Guided Local Search

Guided Local Search #

Name #

Guided Local Search (GLS)

Taxonomy #

Guided Local Search is a metaheuristic optimization technique that extends local search methods to escape local optima and improve solution quality. It is closely related to other local search-based metaheuristics such as Iterated Local Search and Variable Neighborhood Search.

  • Optimization
    • Metaheuristics
      • Local Search Methods
        • Guided Local Search

Strategy #

Guided Local Search enhances the performance of local search algorithms by guiding the search process towards promising regions of the solution space. It achieves this by augmenting the objective function with penalty terms that encourage the exploration of new solutions and penalize features associated with recently visited local optima.

The core idea behind GLS is to identify solution features that are likely to be present in local optima and to penalize them, effectively modifying the search landscape to favor the exploration of new regions. The penalties are dynamically adjusted based on the search history, allowing the algorithm to adapt to the problem structure and avoid revisiting previously explored areas.

Feature Identification #

GLS relies on the concept of solution features, which are problem-specific attributes or characteristics that can be used to describe and differentiate solutions. These features are typically defined by the problem domain and can capture relevant aspects of the solution structure.

Penalty Calculation #

Each solution feature is associated with a penalty term that reflects its contribution to the objective function. The penalties are initialized to zero and are dynamically updated during the search process based on the frequency and impact of the features in the visited solutions.

Augmented Objective Function #

GLS modifies the original objective function by adding the weighted sum of the penalty terms associated with the solution features. This augmented objective function guides the local search towards solutions that minimize both the original objective and the penalties, encouraging the exploration of new regions and the escape from local optima.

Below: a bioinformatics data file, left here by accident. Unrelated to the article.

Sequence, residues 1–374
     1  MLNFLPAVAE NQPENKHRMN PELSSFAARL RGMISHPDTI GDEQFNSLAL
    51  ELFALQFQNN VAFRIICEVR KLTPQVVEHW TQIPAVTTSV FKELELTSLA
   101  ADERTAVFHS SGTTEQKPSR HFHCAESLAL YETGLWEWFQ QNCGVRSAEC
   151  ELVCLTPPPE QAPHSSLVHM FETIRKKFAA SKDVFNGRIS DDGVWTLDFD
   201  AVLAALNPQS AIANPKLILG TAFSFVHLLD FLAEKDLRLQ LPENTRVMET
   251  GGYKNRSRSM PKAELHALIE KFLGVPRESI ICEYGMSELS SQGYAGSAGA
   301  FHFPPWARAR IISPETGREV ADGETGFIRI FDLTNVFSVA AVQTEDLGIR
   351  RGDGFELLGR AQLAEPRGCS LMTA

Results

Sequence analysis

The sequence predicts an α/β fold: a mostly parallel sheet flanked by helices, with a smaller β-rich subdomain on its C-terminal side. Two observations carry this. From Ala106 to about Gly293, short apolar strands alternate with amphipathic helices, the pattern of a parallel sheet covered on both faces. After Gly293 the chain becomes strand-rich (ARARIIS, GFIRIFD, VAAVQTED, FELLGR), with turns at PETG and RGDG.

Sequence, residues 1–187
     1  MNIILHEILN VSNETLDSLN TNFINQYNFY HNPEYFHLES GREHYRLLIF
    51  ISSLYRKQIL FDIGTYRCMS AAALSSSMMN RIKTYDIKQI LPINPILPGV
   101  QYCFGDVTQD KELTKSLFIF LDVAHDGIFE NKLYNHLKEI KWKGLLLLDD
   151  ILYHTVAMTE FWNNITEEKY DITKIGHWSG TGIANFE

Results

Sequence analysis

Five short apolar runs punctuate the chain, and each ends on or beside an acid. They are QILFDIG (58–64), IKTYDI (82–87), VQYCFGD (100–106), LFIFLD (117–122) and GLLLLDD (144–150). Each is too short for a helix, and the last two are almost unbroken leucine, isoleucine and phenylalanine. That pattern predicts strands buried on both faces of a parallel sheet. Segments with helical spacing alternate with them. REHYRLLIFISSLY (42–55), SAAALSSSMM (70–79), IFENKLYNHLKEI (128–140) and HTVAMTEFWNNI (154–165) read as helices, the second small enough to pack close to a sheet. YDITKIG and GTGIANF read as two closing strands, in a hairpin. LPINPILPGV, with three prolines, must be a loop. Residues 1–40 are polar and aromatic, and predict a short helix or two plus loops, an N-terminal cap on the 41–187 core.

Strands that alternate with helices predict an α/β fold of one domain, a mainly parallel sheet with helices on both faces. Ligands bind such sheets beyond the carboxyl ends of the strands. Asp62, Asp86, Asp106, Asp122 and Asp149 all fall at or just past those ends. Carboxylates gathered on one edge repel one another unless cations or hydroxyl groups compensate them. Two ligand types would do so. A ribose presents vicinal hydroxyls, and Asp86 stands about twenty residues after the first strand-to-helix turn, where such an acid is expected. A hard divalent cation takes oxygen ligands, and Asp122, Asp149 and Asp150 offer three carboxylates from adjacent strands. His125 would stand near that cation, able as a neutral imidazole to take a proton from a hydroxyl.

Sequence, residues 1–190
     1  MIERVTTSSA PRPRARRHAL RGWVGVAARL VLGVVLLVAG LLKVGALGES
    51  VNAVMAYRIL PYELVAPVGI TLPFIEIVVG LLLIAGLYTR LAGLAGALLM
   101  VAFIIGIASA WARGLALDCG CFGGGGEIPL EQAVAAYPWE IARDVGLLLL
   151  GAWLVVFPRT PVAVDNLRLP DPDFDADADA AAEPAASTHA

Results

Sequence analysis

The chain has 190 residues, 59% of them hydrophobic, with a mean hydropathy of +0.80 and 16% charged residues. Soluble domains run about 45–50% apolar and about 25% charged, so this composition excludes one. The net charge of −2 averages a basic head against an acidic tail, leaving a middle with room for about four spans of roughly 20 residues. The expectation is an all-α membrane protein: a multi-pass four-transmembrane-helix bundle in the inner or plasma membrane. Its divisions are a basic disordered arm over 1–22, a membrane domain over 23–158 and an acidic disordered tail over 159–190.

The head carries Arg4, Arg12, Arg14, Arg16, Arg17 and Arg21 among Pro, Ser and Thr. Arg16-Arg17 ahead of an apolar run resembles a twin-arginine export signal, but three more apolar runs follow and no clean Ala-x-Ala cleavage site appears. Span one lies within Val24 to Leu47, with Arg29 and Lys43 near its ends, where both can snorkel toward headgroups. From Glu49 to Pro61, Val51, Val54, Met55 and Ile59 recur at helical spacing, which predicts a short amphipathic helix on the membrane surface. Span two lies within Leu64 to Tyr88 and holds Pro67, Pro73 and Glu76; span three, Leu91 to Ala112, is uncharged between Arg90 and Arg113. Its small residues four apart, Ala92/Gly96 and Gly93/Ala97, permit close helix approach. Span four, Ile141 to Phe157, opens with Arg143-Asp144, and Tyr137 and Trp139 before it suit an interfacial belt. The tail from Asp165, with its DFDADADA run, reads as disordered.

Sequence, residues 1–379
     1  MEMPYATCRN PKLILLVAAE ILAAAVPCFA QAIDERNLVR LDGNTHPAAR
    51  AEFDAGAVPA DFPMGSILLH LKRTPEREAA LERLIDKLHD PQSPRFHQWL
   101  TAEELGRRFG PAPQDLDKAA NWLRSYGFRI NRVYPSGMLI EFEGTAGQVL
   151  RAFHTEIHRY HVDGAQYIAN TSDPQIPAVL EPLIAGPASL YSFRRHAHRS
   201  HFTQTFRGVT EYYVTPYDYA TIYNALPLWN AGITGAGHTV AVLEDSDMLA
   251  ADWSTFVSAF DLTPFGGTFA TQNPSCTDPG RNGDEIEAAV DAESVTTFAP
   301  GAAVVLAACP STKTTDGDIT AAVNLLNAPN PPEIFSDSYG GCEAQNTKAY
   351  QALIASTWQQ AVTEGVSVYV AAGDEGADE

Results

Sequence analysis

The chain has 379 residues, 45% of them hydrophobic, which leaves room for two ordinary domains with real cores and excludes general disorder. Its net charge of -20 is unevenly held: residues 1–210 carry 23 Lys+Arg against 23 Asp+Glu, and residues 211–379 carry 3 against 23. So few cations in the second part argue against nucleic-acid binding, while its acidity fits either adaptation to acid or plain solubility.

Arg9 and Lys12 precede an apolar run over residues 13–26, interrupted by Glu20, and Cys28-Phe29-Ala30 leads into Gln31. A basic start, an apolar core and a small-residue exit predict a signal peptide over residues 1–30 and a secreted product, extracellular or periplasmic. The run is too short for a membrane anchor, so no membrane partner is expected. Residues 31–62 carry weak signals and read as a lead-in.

Procedure #

  1. Initialize the solution s using a construction heuristic or random initialization.
  2. Set the initial penalty values for all solution features to zero.
  3. Perform local search on the current solution s to find a local optimum s*.
  4. While the termination criteria are not met:
    1. Identify the solution features present in the local optimum s*.
    2. Update the penalty values of the identified features based on their frequency and impact.
    3. Modify the objective function by adding the weighted sum of the penalty terms.
    4. Perform local search on the current solution s* using the augmented objective function.
    5. If a new local optimum is found, update s* to the new solution.
    6. If the termination criteria are met, return the best solution found.

Data Structures #

  • Solution: Represents a candidate solution to the problem, typically encoded as a vector or a more complex data structure depending on the problem domain.
  • Feature: Represents a problem-specific attribute or characteristic of a solution, used to guide the search process.
  • Penalty: Represents the penalty value associated with each solution feature, dynamically updated during the search.

Parameters #